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JUNE 2014

Rolling Thunder LPD’s Imposing Rescue/SWAT Vehicle

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ABA AUTISM SERVICES BY DAMAR 9905 Fall Creek Road DamarAba.org / 317-813-4690

‘WHATEVER IT TAKES’ & A HALF-CENTURY OF EXPERTISE While it might seem like a new ABA clinic opens every day in the Indianapolis area, ABA Autism Services by Damar stands out from the crowd. It’s the only one that can back up its ABA services with decades of experience meeting the needs of people with autism in Central Indiana. And it’s the only one that can draw from a full spectrum of professional services – from in-home support to residential care – to assist families. Most telling, perhaps, it’s also the only ABA clinic that carries the Damar name, a name nationally associated with leadership in helping people dealing with autism and other developmental challenges. Established on Indianapolis’ southwest side in 1967, Damar has helped thousands of Central Indiana children and adults confront and overcome issues associated with autism. After nearly five decades of pioneering treatment, in 2013, Damar opened its ABA services location on Indianapolis’ northeast side. ABA (Applied Behavior Analysis) is recognized as the bestpractice treatment for children with autism, helping them address challenges with communication, social interaction, and restricted and repetitive behavior. Damar matches this proven approach with a “whatever it takes” promise and a focus on putting the family’s needs first. And, as a nonprofit organization that accepts Medicaid and private insurance, Damar serves families that otherwise might not have access to ABA services. “We work through barriers to make sure families get the services they need,” said Kristin McCoy, Director of ABA Autism Services by Damar. “If it’s a transportation problem, we work through that. If it’s a funding or scheduling problem, we work through that. And if a child needs something different, we have access to everything Damar offers.” In other words, even if ABA services are not what a child needs, Damar can help a family access the appropriate services – and back those with a half-century of expertise. 2 / LAWRENCE COMMUNITY NEWSLETTER / JUNE 2014 / atLawrence.com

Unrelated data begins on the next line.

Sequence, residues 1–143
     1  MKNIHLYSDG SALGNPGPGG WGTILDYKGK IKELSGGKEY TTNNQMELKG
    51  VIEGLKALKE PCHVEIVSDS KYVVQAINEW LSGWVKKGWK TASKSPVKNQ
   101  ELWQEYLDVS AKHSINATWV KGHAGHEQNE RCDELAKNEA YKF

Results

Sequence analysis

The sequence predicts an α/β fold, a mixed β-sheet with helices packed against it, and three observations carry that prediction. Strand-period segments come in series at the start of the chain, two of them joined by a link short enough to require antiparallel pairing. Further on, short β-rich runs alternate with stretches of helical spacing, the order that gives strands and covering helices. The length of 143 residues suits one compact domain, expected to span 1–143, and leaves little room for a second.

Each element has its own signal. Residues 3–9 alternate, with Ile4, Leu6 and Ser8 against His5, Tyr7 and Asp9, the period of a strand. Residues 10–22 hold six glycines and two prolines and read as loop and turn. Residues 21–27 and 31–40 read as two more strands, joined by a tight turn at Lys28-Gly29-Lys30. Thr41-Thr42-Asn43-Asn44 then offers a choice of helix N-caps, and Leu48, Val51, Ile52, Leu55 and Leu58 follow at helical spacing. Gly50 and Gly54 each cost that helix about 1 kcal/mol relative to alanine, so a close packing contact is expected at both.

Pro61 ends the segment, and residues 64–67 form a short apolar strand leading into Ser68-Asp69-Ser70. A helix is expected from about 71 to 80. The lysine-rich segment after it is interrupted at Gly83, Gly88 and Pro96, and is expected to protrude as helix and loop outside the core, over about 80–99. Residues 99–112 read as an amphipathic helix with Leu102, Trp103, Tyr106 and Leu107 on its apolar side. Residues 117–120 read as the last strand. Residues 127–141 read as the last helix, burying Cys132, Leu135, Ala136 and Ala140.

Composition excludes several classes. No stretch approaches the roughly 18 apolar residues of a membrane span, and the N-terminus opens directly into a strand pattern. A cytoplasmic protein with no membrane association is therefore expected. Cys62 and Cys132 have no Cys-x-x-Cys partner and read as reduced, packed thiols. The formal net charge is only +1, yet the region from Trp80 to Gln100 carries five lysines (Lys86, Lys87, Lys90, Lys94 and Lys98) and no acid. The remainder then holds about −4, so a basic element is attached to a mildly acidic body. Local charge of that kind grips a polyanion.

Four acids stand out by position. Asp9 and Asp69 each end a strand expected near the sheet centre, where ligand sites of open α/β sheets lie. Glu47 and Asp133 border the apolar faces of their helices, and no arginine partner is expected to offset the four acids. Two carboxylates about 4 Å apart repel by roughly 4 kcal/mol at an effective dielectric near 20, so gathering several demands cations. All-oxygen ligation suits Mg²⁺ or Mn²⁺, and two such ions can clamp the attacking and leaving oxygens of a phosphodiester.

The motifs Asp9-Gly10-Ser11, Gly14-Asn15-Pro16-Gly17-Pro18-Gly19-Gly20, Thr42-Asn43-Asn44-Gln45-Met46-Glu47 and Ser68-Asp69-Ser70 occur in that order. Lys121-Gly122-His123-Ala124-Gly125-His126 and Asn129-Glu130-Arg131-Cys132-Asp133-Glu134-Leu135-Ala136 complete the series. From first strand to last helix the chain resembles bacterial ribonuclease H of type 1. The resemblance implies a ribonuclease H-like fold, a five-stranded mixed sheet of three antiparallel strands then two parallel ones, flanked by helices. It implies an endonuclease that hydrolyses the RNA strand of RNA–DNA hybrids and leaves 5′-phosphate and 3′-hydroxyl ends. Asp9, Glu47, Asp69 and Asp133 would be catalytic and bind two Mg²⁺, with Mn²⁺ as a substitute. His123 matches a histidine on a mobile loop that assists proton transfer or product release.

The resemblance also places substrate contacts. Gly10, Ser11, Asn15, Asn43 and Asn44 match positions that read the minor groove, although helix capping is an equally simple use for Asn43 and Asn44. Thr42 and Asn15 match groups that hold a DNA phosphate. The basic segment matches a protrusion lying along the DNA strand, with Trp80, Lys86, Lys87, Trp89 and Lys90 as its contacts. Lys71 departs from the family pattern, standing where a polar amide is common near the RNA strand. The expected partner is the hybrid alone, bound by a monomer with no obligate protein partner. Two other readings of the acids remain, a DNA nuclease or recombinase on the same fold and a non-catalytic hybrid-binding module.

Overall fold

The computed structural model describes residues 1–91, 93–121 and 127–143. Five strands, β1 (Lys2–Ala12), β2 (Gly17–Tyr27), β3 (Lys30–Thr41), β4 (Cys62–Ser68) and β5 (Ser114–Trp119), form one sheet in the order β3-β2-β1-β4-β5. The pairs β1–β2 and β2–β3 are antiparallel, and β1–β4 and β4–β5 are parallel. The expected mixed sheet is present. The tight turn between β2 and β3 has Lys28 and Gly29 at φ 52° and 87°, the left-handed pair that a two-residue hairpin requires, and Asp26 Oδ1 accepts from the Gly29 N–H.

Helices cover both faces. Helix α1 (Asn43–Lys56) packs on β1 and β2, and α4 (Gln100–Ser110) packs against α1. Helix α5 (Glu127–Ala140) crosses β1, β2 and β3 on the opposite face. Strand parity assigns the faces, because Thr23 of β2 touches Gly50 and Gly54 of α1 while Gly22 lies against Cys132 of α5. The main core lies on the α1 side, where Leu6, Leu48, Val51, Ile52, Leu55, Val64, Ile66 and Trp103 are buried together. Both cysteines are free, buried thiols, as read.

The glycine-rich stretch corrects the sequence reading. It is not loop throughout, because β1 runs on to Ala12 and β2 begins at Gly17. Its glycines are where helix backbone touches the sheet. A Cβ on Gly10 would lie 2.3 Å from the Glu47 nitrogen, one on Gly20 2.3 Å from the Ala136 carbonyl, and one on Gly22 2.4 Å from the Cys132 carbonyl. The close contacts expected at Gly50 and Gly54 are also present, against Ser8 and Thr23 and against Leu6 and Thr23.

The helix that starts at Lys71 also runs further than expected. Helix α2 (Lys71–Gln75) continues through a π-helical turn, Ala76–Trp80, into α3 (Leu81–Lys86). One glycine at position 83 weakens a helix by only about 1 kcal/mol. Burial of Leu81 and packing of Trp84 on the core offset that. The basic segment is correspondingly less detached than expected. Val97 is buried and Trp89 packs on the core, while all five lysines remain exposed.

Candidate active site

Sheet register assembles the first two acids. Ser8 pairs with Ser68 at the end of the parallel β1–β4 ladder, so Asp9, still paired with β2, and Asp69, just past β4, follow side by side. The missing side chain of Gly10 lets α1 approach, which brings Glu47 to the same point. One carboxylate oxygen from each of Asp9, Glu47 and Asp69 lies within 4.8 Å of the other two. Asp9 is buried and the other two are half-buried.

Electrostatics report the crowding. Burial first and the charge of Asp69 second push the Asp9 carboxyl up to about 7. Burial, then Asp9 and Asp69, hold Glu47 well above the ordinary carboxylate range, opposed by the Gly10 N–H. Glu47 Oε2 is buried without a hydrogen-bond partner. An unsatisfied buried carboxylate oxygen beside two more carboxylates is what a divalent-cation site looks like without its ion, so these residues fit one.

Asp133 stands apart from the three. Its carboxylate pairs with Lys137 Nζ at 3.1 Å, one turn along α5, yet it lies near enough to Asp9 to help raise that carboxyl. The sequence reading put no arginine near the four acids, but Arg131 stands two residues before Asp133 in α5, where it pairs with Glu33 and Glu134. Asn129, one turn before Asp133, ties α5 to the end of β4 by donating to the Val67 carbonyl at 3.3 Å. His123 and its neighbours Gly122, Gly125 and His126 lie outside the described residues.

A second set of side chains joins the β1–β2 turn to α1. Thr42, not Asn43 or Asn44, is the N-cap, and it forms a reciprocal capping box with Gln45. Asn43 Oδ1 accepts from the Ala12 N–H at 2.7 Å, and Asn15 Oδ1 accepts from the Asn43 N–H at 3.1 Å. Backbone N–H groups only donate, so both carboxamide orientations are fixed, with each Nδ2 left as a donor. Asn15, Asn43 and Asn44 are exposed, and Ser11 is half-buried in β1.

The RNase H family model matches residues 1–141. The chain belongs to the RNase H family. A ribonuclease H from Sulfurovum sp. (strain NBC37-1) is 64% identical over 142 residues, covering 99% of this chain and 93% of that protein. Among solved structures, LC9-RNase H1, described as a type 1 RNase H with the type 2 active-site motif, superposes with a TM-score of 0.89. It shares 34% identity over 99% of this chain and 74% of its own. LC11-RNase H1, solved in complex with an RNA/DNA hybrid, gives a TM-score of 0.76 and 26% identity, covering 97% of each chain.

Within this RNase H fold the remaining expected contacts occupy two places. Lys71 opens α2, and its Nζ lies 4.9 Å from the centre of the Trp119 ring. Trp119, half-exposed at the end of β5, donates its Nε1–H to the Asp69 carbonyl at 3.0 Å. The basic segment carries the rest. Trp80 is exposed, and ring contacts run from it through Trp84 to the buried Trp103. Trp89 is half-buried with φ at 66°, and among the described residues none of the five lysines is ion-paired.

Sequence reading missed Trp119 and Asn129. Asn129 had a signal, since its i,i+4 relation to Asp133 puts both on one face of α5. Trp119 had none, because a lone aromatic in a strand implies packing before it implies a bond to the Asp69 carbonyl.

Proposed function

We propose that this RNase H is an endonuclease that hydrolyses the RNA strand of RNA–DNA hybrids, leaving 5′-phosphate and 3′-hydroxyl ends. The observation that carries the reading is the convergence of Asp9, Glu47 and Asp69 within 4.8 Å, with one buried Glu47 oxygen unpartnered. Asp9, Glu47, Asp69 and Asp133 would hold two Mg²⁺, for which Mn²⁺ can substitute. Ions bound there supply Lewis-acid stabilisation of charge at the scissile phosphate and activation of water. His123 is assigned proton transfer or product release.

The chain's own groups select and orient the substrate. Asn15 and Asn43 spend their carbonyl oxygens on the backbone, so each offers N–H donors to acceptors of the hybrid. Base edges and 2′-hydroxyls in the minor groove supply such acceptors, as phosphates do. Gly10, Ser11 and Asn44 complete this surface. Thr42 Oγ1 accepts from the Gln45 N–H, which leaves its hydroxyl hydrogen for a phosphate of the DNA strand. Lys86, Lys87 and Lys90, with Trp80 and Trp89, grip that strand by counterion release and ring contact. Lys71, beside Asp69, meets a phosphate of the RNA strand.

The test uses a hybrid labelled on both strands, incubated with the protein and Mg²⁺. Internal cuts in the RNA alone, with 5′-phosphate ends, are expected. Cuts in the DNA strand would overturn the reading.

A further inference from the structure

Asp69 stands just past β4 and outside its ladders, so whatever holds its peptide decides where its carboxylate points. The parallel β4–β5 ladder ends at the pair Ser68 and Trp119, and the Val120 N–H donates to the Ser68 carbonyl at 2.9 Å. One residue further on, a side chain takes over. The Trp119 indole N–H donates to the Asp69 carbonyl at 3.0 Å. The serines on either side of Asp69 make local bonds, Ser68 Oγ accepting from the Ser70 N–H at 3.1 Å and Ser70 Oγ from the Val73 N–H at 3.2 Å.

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PUBLISHERS

Neal & Kathi Moore

neal@atLawrence.com / 317-609-0101 kathi@atLawrence.com / 317-674-FORT Cover Photo / Jon Moore

TOWNEPOST PUBLISHER Tom Britt

tom@atLawrence.com / 317-496-3599

BUSINESS MANAGER Jeanne Britt

jeanne@atLawrence.com / 317-288-7101

DIRECTOR OF PRODUCTION Toni Folzenlogel

CREATIVE DIRECTOR Alyssa Sander

ADVERTISING DESIGNER

18 / COVER STORY

Austin Vance

EDITOR

Heidi Newman

ROLLING THUNDER: LPD’S IMPOSING RESCUE/SWAT VEHICLE

STAFF PHOTOGRAPHERS Kathi Moore / Carly Lyon

Writer / Neal G. Moore

The Lawrence Police Department bags a behemoth--a surplus U.S. Army vehicle to be used for police SWAT actions and citizen rescues. Learn the story of how this beast of a vehicle found its way to Lawrence.

DEPARTMENTS 4 6 7 8 10

17

Old Oakland Tees Up Its New Clubhouse

21

Sanders Dentistry : Something to Smile About From Drive-In Movies to Wetlands Much Ado About Winning: LC Senior Nabs Top Shakespeare Prize

22 23

Two Lawrence Police Officers Receive Service Awards Good People, Good Causes: The Cupboard of Lawrence Township

Neal G. Moore / Kathi Moore / Christy Watson / Kara Reible / Cheryl Meyer

SHOP LOCAL!

Help our local economy by shopping local. Advertising supporters of the Lawrence Community Newsletter offset the costs of publication and mailing, keeping this publication FREE. Show your appreciation by thanking them with your business.